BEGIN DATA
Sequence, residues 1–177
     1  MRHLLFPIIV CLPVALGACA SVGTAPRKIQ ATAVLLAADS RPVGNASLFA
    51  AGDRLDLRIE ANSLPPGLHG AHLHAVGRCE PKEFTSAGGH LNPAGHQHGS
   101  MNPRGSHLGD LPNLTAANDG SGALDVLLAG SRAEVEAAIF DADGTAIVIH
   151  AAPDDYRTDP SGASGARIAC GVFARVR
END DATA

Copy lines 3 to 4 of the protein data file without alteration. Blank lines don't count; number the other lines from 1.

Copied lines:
    51  AGDRLDLRIE ANSLPPGLHG AHLHAVGRCE PKEFTSAGGH LNPAGHQHGS
   101  MNPRGSHLGD LPNLTAANDG SGALDVLLAG SRAEVEAAIF DADGTAIVIH